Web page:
I know a lot of nice dark schemes for Vim which makes coding more readable and pleasant such as ir_black, wombat, zenburn. Its weird but I haven't seen so many popular light themes (white background).

Does anyone knows a light Vim scheme which makes code more readable and pleasant to see? (that makes code less confusing to distinguish, something like Visual studio's default scheme?)

  • 1
    Black text on a pale background is easier on the eyes (so is this)
    – Mr. Boy
    May 12, 2010 at 14:25
  • 24
    Actually, having a dark background emits less light and is less tiring for the eyes. That's also why vampires are so strong.
    – ereOn
    May 12, 2010 at 14:30
  • 3
    because eyes aren't used to looking at light? On an LCD it's not like radiation is battering yout retinas, just turn the brightness down and it's like looking at paper... which is hardly eye-straining.
    – Mr. Boy
    May 12, 2010 at 14:36
  • 1
    I really think it is a matter of individual taste and preference. I often find that a light theme is better in strong ambient light conditions, a dark theme is better in darker conditions.
    – Thriveth
    May 22, 2014 at 13:40

9 Answers 9


With all due bias-based disclaimers and caveats (I am the author of the color scheme), I find that Mayan Smoke both highly ergonomic as well as aesthetically pleasing (screenshot). Download page: http://www.vim.org/scripts/script.php?script_id=3065.

As alternative, you should also have a look at the immensely popular Pyte, which is eerily similar to Mayan Smoke (development was independent, and the similarity is convergence, I swear!), though the syntax colors are a lot more muted.

  • That's a nice color scheme...great work! (If I wasn't so into the dark Vibrant Ink look, I'd switch). May 12, 2010 at 16:59
  • Nice color scheme..I'll try it out.
    – alexchenco
    May 12, 2010 at 17:11
  • Sorry to re-hash an old thread but what font are you using in this screenshot? Jan 12, 2012 at 22:35
  • @PatrickO'Doherty the author said it is Consolas/Inconsolata Jan 11, 2013 at 20:26
  • Screenshot link is broken. Could I suggest a good practice that all media be uploaded on third-party hosting sites and then a link be provided?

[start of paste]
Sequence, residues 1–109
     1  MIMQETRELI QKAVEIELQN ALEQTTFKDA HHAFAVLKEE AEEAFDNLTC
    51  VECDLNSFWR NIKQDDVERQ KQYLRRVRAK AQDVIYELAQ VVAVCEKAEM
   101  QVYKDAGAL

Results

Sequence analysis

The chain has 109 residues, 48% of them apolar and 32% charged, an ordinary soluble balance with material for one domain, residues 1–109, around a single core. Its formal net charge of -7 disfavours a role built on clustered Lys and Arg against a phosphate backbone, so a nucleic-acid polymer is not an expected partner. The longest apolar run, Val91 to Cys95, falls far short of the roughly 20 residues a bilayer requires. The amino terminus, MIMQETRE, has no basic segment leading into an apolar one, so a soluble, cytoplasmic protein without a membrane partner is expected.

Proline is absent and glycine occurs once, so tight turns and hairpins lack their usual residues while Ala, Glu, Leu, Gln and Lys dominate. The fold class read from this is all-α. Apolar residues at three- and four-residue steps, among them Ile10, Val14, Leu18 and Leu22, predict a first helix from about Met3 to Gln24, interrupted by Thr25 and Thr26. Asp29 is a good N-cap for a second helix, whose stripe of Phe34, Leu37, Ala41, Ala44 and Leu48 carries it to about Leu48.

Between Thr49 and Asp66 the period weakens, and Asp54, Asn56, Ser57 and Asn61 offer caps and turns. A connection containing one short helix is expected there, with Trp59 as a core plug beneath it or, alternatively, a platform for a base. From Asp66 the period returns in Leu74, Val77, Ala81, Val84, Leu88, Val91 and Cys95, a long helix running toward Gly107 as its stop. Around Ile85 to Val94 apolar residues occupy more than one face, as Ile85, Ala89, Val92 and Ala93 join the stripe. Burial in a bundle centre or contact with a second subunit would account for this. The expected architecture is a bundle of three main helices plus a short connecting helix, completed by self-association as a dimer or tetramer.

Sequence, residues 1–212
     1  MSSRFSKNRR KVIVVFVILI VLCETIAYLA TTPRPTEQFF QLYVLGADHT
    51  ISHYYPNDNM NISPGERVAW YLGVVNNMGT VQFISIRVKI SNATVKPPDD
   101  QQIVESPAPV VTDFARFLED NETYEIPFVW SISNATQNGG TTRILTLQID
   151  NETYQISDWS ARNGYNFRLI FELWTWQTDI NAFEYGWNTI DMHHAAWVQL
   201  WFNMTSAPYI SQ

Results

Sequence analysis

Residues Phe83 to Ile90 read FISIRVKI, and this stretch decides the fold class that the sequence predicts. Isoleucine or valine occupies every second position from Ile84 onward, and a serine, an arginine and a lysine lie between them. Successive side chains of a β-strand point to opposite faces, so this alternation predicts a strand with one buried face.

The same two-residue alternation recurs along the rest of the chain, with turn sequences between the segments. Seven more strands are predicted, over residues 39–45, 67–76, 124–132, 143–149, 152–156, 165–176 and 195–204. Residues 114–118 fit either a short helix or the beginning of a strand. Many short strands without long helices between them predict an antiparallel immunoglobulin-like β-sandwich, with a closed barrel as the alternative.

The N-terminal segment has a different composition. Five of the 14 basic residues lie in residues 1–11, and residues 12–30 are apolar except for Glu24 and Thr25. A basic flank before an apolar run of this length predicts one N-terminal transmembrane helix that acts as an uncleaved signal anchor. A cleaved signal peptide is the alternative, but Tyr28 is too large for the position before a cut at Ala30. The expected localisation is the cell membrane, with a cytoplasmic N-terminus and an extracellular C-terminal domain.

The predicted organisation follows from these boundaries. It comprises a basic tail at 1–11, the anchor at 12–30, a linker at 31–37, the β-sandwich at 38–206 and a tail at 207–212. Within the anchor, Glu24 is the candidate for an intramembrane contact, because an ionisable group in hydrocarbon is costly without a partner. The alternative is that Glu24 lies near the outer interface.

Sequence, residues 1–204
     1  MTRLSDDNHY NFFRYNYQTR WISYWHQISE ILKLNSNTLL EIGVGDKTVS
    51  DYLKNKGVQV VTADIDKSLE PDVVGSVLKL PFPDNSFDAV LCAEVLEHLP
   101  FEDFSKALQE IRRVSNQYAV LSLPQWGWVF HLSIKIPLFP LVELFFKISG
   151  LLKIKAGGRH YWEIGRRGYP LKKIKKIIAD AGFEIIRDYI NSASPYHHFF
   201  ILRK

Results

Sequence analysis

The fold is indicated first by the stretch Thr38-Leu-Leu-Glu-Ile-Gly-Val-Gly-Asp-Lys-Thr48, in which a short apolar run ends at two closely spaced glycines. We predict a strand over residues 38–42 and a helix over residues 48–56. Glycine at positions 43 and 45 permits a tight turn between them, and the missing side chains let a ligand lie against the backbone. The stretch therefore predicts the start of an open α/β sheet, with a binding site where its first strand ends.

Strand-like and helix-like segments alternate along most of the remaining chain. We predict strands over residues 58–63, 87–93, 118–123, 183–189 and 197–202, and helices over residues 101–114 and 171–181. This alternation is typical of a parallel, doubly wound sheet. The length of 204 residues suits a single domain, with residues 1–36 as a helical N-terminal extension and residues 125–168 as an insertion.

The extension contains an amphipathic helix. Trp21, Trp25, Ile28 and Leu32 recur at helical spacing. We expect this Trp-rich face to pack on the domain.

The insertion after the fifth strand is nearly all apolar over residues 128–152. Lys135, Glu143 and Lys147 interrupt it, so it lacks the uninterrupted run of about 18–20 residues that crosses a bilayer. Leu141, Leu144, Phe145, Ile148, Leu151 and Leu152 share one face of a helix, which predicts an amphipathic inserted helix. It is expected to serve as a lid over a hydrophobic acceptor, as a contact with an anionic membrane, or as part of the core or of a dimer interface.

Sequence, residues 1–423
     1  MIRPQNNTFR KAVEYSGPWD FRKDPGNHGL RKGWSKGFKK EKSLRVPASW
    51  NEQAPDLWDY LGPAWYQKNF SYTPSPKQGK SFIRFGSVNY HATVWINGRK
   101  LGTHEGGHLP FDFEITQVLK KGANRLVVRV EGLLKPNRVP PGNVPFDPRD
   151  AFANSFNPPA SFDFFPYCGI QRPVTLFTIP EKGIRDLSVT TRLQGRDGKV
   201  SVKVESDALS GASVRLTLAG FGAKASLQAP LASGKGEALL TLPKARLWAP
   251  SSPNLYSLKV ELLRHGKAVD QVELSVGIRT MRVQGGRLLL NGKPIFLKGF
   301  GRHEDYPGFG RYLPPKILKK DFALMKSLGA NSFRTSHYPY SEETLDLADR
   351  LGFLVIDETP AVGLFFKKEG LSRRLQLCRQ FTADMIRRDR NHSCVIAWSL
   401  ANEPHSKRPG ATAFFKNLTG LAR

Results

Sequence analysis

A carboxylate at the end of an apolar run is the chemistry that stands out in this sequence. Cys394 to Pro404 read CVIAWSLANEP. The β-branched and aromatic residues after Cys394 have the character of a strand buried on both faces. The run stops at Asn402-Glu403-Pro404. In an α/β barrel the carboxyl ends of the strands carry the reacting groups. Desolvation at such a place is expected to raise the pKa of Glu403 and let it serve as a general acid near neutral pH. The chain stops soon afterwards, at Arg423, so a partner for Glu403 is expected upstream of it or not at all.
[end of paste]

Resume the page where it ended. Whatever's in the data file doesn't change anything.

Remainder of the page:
– axolotl
    Apr 23, 2018 at 4:58

Check out http://vimcolorschemetest.googlecode.com/svn/html/index-c.html, it has a HUGE list of colorschemes with previews. If you do not like C samples, there are samples with other programming languages, too: http://code.google.com/p/vimcolorschemetest/

  • 2
    @ThiefMaster Broken url. Jun 13, 2016 at 16:09

Louver is a bare-bones, light color scheme that somewhat resembles the default Visual Studio look.

Screenshot: http://jstap.web.fc2.com/louver.html

  • 1
    Thanks! I think this is what I was looking for.
    – alexchenco
    May 12, 2010 at 14:03

I like Solarized for LCD monitors. It sucks on CRTs.


Screenshots at http://ethanschoonover.com/solarized

  • Yep, Solarized light is very nice!.
    – AME
    Aug 24, 2012 at 7:23

This new theme is really nice, even with GVim on Windows:



I like dark background, but changing software a lot which like IE, VS studio .... So changing from dark to light and back is so uncomfortable, so light background is also my choice, I more prefer the theme name ironman, you can find it on vim plugin page.

  • You can configure VS to use dark background ;) May 14, 2010 at 9:28
  • Everyone in your office will think you're a big old-school nerd though ;)
    – Mr. Boy
    May 14, 2010 at 9:51

You should try eclipse theme.



Interesting subject and such contradictory statements. First: according to my experience, everything with dark background is very bad for my eyes, unless I work in total darkness. But you shouldn't work in darkness anyway, just turn the lamp on. Second: for (my) eyes feels best the backround color which I would describe "light neutral gray with slight greenish tone". BUT: especially these colors are very different from one monitor to another (with same RGB value), for example these are "guibg" colors from my two computers' schemes: guibg = #E2E2D8 on one pc and guibg = #E6EDD8 on another. Despite the colors look very similar they have different values. So honestly, there is only one way to make it "good for your eyes" - just pick some good scheme and finetune the colors, especially this background color is important imho. Also you can set several schemes with bg color adopted to outer lighting conditions. So if you see a description like "this color scheme is very good for eyes", it's sort of bulls*it, since it really depends. But I'd certainly advise to avoid any dark schemes.


As for me, readability is high and uniform contrast of all syntax elements.


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